Not responsive. Late for interviews. Unprepared. These complaints have been made about candidates, especially during times when the number of job openings far surpassed the number of qualified applicants. But now these negative phrases are being levied against recruiters and hiring managers by candidates who are frustrated by the hiring process. “Beyond what the media says about the job market, I think that candidates are just very discouraged by the fact that there’s so little candidate care that happens,” says Jennifer Way. As owner of Way Solutions in Nashville, Tennessee, Way leads a team of hiring strategists that provide resources, tools and insights to companies and candidates about how to make the most of their connections.
At a time when resources are limited and HR departments have been downsized, many recruiters and HR managers are asking: “Who has time for candidate care?” The answer is that every company has the time – and should make the time – to focus on candidate care because it’s one of the easiest, least expensive ways to build your employment brand, your network of prospective candidates and referrals.
Candidates who feel they’ve been treated fairly by your company – whether they’re hired or not – are bound to give your company’s employment brand positive marks and be solid sources for future job openings and referrals. Candidates who have been treated discourteously or simply ignored may disregard future openings at your organization. Worse yet, they may decide to use social media to spread their negative experience. “Our hiring processes have not caught up with the sophistication of social media,” says Way. “We have to be extra sensitive because with social media, there’s a level of transparency that wasn’t there before.”
Read on to learn about three common mistakes companies make when it comes to candidate care, and simple ways to fix them.
Three common mistakes
1. Being non-responsive
One of candidates’ top complaints is that employers don’t respond to their job applications or follow up promptly after interviews to give them feedback. Leaving candidates in limbo – or the notorious “black hole” – causes frustration and creates a negative image for the company in candidates’ eyes. In fact in a recent Dice survey of candidates, when asked, “Do you seek feedback from HR or hiring managers when you don’t get the job?” a whopping 82% replied, “I would but no one gets back to me” or “Why bother?”
The fix: Many companies have a solution to the “black hole” problem right at their fingertips. Take the time to create a series of customized response templates, establish a simple process to acknowledge candidate communication and provide feedback, and then commit to replying promptly. Every company should at least have one template acknowledging receipt of a resume and one informing candidates that they didn’t make the cut. Keeping candidates informed throughout the hiring process is one of the smartest ways to improve candidate care.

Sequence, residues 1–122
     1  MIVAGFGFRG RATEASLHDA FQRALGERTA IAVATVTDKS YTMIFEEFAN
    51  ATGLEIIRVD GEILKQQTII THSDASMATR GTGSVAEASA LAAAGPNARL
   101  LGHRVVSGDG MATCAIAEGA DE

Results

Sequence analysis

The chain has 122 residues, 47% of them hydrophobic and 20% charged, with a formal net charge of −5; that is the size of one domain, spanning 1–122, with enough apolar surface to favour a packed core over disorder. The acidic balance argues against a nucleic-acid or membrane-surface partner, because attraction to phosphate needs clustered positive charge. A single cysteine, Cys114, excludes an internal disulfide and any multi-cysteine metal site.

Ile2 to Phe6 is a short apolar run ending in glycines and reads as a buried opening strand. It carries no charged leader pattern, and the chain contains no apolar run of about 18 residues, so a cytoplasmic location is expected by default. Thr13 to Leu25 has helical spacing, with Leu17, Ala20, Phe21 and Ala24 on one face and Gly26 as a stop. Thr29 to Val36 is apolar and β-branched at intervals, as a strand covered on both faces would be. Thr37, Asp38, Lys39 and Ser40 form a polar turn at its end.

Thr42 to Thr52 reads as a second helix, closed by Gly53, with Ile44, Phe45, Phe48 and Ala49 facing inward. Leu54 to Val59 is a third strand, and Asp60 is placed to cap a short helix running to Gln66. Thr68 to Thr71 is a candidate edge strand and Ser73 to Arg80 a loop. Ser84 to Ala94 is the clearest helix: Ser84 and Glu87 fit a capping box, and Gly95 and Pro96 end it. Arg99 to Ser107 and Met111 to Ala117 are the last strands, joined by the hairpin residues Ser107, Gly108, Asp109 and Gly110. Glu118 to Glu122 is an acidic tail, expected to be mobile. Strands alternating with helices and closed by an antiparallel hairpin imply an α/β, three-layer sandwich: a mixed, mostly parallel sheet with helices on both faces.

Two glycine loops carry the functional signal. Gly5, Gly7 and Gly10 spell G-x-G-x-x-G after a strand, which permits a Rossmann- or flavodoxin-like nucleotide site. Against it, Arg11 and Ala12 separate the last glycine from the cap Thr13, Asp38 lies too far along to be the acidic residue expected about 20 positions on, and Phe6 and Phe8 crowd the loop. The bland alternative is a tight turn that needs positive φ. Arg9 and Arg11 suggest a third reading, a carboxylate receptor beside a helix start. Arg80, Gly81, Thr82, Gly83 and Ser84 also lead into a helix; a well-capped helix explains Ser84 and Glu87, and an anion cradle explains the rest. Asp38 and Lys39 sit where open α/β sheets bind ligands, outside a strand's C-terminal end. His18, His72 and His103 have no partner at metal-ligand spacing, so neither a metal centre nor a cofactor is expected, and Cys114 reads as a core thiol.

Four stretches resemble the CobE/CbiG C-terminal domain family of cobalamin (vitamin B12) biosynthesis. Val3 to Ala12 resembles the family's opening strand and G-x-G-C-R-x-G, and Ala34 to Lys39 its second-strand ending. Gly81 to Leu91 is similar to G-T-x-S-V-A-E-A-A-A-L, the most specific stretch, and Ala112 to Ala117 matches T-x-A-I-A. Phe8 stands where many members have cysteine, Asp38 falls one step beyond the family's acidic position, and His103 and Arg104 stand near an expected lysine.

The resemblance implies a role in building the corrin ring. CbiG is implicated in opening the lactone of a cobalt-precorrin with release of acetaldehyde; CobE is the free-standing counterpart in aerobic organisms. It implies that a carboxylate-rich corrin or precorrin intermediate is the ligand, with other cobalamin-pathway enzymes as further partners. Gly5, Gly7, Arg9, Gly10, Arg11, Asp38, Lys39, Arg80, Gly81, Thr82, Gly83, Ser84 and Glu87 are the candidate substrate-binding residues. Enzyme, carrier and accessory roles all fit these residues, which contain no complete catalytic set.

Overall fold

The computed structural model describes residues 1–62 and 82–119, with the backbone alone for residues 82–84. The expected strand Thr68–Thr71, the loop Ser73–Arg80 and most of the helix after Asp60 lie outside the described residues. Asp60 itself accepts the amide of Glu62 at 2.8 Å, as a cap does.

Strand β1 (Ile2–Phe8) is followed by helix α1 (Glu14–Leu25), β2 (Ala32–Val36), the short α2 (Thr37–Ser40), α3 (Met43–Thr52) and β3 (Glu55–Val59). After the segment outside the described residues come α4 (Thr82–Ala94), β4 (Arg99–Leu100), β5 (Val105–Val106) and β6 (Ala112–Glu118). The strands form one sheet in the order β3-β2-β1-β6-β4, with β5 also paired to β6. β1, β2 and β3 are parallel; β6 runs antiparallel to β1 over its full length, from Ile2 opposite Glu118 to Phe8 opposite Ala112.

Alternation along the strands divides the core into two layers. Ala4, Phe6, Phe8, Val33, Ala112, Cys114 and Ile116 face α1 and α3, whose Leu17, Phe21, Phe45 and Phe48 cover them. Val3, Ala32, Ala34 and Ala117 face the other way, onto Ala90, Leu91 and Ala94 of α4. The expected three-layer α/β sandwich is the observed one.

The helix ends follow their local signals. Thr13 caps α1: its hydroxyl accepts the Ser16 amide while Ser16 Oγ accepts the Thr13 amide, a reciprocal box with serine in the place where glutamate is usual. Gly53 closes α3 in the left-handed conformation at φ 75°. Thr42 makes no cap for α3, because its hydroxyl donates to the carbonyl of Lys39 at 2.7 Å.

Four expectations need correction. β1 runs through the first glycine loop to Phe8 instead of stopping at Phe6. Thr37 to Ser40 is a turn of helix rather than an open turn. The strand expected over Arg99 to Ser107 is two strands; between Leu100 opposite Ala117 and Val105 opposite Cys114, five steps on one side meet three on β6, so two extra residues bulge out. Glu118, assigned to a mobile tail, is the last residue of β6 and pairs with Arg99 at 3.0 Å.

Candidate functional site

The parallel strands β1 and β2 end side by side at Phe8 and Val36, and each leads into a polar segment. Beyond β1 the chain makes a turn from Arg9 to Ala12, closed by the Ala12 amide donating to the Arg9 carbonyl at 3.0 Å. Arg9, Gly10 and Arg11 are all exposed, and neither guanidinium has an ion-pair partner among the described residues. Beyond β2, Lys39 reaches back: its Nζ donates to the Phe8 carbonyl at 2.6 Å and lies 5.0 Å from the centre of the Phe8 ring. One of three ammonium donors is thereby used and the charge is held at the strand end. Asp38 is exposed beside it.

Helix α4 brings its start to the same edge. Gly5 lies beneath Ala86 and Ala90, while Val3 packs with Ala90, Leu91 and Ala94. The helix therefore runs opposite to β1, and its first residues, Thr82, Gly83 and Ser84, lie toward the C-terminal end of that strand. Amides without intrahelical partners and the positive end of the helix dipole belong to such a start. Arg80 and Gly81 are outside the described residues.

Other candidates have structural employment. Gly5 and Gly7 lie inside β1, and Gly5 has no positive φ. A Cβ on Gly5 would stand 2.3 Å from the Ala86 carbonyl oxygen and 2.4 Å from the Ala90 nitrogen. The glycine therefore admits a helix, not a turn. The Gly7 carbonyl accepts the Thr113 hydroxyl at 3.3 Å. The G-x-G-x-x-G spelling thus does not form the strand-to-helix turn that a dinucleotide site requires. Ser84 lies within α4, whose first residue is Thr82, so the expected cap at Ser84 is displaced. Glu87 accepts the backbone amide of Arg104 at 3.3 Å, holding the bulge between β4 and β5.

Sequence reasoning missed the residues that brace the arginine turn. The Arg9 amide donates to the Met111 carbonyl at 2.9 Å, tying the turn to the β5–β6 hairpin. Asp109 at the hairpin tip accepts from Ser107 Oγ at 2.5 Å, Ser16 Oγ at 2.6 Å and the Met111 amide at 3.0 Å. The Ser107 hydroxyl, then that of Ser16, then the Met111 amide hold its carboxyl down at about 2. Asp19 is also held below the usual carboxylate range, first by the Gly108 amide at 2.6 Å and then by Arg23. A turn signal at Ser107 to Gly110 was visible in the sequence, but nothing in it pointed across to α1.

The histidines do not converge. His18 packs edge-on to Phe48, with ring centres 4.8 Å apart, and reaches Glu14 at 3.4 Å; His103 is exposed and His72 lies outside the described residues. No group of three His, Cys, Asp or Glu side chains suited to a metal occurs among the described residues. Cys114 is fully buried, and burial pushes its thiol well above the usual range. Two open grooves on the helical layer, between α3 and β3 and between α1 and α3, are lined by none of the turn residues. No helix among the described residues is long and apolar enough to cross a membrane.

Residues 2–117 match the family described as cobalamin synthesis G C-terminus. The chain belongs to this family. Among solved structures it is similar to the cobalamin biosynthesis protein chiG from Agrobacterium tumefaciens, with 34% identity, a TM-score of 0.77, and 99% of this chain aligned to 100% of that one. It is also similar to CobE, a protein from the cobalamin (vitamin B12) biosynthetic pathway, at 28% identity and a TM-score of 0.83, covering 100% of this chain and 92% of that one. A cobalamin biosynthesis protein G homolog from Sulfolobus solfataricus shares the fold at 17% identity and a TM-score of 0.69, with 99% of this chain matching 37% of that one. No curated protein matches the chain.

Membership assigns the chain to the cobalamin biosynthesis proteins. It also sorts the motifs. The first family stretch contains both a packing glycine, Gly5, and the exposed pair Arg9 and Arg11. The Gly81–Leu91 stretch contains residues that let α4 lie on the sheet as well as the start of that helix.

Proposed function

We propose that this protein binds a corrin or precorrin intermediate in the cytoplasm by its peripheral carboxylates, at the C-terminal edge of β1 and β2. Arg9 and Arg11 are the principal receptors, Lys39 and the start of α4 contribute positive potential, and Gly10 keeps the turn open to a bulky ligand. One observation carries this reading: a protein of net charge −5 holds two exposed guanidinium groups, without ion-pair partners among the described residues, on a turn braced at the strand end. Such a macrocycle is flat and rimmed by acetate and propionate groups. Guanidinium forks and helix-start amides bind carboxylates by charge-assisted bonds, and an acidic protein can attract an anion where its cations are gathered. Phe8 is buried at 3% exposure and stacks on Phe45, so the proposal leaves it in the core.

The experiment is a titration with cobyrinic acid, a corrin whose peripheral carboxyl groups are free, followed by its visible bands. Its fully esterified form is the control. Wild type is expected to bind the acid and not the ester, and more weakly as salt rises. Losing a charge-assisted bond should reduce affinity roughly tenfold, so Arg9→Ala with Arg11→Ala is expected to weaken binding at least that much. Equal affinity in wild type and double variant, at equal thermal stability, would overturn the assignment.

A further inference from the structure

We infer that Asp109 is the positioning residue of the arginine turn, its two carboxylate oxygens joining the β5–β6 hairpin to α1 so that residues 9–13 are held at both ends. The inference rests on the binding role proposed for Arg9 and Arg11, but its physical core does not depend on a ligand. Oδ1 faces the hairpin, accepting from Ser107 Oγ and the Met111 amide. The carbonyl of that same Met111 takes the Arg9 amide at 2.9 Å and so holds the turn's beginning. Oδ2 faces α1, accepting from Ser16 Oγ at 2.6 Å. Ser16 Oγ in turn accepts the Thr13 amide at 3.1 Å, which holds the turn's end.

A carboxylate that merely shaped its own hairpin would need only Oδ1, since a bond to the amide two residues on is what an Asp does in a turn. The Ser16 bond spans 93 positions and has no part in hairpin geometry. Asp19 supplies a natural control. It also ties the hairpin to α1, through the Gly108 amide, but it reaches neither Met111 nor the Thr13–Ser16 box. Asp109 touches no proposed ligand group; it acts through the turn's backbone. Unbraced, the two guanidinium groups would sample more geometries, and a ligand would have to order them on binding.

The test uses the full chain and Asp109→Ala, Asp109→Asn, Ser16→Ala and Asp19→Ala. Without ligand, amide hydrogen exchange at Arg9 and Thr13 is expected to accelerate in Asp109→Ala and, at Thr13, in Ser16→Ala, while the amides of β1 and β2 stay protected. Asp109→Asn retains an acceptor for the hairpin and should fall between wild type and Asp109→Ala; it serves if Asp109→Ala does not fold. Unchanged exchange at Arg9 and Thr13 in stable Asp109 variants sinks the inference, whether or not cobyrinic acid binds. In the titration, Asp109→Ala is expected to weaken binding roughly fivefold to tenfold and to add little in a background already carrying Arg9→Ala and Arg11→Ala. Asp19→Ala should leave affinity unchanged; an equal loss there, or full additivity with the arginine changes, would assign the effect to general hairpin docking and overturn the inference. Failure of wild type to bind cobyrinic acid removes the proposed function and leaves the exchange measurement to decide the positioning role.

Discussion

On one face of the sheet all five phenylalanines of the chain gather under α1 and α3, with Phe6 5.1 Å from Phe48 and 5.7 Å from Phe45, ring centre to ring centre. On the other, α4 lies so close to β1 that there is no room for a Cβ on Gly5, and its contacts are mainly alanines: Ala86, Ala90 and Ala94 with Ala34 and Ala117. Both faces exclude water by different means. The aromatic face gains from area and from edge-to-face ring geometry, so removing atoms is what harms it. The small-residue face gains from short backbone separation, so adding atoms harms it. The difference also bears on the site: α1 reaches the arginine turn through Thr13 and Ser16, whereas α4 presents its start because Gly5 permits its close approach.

2. Lacking focus
Do you need a candidate who knows “HTML5” or should the job requisition really say “HTML5 and CSS3?” Should the candidate have “experience with Java” or “at least five years of experience with Java?” And during the interview process, do candidates answer the same question from four different people in your organization?
Broad job descriptions, redundant interview processes and a lack of focus on the type of candidate you’re looking for wastes your time – and the candidate’s. The result is that you’ll spend precious resources interviewing 20 people – and issuing 19 rejection letters – when a little more focus and planning up front would yield perhaps five highly-qualified candidates, a shorter interview cycle and only four rejection letters.
The fix: Way suggests careful pre-screening. “If you do more on the front end to understand the nuances of what the hiring manager is looking for, you can do a better job of pre-screening people,” she says. “Then if you introduce only top candidates, you can afford to provide a better candidate care experience.”
3. Wasting time
Does your hiring process span months rather than weeks? Do you gather data on your online application that you don’t use? Does it take candidates half an hour to complete your online application? If you answered, “yes” to any – or all – of these questions, your hiring process may be more lengthy or complicated than necessary. “We’re very concerned with creating an efficient process and how it works within the four walls our organization, but we’re really not looking at what it’s costing in terms of the quality of candidate or candidate care,” says Way.
The fix: Step back and review every aspect of your onboarding process from a candidate’s point of view. During the process ask yourself:
- Is every step we take really required?
- Is every question we ask during the interview necessary?
- Are the right questions being asked at the right time?
You’ll be surprised at how simple ways to streamline will become evident.